Race to become face of UK televised press briefings narrows

Race to become face of Boris Johnson’s new daily White House-style televised press briefings narrows to two – and is set to be decided by a ‘chemistry test’

  • Former ITV presenter Allegra Stratton is on the final shortlist after interviews
  • Prime Minister Boris Johnson is expected to interview two candidates soon
  • Ms Stratton quit ITV news to join Chancellor Rishi Sunak’s Treasury operation 

The competition to become the face of Boris Johnson’s new daily White House-style televised press briefings is now a two-horse race – with the Prime Minister set to use a ‘chemistry test’ to decide the successful candidate.

Former ITV presenter Allegra Stratton, who works as Chancellor Rishi Sunak’s director of communications, is on the final shortlist following a day of interviews and screen tests at No 10 on Friday. 

The Prime Minister is expected to interview Ms Stratton and the other candidate for the six-figure salaried position – a ‘left-field’ BBC presenter, according to sources – to test their personal ‘chemistry’.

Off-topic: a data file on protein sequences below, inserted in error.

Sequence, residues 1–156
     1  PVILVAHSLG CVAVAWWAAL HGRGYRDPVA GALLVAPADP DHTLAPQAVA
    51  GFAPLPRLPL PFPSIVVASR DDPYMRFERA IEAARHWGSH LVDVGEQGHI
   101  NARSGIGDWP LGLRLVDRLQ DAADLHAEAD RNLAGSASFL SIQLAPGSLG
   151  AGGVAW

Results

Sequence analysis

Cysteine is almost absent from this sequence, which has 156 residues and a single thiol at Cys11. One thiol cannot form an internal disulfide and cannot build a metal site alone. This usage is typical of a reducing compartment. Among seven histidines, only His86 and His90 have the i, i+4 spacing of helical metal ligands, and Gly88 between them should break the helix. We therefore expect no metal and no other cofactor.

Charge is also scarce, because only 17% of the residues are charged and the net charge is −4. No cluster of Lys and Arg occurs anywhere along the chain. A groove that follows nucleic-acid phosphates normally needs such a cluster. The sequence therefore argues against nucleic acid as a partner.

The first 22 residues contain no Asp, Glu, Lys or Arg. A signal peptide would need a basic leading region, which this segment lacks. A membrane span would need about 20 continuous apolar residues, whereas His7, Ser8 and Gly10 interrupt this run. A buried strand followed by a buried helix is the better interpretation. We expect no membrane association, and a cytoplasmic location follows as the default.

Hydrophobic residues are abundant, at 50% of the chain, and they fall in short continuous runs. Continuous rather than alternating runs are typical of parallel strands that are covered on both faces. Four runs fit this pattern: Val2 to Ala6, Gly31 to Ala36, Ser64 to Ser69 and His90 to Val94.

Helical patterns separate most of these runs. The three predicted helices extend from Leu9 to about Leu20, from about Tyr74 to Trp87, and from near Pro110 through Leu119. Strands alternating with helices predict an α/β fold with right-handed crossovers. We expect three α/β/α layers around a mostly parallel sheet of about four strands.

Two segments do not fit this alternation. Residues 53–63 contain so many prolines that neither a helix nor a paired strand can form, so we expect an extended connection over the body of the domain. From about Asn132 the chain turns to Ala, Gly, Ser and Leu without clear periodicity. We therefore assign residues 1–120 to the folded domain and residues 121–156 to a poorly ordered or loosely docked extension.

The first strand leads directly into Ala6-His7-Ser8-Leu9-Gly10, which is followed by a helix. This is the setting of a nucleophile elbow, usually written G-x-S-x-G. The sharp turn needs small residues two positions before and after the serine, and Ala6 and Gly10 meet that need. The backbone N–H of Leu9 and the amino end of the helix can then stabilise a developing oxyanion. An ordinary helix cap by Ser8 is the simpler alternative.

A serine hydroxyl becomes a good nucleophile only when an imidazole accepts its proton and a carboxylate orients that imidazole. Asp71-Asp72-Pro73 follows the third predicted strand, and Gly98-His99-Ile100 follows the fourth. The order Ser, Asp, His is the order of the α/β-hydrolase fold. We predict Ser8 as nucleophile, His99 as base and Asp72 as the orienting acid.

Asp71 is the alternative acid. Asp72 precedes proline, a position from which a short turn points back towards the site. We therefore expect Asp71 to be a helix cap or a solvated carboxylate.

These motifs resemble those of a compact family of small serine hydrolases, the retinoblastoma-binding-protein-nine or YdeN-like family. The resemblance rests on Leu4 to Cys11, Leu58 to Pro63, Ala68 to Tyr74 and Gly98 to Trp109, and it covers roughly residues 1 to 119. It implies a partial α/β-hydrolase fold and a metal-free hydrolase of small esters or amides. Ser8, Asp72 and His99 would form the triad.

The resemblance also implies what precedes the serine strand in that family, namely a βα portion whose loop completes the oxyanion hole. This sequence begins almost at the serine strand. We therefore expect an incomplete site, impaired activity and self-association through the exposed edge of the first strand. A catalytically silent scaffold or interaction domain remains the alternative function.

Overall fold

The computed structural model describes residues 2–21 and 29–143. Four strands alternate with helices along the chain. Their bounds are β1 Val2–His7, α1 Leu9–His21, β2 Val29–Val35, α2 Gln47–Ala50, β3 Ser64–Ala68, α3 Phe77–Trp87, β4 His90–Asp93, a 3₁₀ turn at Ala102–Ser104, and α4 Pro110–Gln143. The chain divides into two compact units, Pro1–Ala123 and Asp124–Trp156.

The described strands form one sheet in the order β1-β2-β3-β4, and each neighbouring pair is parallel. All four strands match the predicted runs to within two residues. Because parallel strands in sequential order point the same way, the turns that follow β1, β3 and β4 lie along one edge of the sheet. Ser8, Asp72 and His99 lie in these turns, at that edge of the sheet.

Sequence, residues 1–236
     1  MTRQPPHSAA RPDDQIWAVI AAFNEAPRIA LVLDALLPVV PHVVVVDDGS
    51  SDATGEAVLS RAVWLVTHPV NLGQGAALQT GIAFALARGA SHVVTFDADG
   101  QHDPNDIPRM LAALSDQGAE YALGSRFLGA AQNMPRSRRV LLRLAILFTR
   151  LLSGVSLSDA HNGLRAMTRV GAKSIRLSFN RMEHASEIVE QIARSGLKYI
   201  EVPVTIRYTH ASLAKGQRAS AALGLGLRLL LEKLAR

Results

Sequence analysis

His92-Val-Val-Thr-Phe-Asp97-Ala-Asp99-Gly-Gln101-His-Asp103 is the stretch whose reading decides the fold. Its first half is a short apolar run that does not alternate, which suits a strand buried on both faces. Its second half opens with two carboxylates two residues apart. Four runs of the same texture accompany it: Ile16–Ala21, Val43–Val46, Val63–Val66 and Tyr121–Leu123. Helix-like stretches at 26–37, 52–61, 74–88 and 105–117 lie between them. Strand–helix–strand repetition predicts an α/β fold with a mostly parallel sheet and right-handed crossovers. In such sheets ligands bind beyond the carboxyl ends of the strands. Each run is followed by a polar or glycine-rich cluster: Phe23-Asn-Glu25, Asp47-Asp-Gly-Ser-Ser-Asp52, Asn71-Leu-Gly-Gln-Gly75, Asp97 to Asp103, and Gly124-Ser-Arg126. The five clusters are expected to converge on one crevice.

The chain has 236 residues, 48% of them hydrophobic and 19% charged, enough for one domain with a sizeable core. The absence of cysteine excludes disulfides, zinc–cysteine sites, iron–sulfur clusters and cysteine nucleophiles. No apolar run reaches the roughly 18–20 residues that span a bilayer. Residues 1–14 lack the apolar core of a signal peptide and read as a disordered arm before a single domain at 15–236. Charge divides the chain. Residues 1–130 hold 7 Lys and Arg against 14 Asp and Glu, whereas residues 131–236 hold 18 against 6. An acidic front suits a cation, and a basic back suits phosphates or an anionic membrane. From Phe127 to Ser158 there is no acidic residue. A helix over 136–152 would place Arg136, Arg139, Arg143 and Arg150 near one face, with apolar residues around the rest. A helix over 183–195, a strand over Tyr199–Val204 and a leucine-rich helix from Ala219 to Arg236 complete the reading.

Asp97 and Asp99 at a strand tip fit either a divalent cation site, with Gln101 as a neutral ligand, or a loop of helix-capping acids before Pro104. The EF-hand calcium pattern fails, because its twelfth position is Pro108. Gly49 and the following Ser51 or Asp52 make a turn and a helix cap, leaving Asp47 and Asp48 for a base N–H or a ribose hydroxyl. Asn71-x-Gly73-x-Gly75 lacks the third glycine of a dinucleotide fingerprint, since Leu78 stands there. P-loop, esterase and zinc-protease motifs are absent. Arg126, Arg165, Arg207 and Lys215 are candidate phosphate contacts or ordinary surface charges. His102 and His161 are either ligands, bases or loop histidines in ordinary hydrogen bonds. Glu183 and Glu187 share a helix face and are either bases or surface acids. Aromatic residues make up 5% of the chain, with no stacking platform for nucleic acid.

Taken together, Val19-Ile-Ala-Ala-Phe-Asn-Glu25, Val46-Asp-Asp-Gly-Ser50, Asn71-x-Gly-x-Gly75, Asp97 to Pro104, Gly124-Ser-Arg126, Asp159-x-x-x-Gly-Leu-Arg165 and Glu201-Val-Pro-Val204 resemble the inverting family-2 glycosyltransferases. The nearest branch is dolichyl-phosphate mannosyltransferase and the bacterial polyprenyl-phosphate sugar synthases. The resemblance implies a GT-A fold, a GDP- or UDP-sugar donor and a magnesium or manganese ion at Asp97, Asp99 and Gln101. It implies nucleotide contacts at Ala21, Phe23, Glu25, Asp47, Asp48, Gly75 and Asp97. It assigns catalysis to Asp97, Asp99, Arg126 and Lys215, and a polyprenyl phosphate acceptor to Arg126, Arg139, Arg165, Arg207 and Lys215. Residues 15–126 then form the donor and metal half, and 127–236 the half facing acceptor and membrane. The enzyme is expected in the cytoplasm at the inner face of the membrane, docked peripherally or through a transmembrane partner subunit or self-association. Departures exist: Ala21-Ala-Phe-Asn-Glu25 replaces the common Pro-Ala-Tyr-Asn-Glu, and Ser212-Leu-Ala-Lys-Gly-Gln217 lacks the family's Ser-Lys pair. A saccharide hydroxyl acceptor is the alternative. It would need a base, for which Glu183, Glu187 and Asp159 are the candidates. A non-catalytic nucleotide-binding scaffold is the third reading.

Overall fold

Former ITV presenter Allegra Stratton (pictured), who works as Chancellor Rishi Sunak’s director of communications, is on the final shortlist following a day of interviews and screen tests at No 10 on Friday

Downing Street hopes to start the new briefings later next month.

Ms Stratton, a 39-year-old mother-of-two, quit ITV News to join Mr Sunak’s increasingly powerful Treasury operation this year.

The Cambridge University graduate, who is married to James Forsyth, the political editor of The Spectator, has been the favourite since No 10 said that it was introducing the afternoon TV briefings as part of a bid to communicate more directly with voters.

Prime Minister Boris Johnson (pictured) is expected to interview Ms Stratton and the other candidate for the six-figure salaried position – a ‘left-field’ BBC presenter, according to sources – to test their personal ‘chemistry’

Mr Johnson has declared himself to be ‘impressed’ by Ms Stratton, and recently invited her to join him at Chequers.

Downing Street has struggled to attract a wide field of experienced broadcasters to apply for the job because of the lavish pay packets of the television industry – and the risk they will become the public face of the Government’s pratfalls.

The new briefings will take place in a revamped No 9 Downing Street, which is currently being turned into a media centre.

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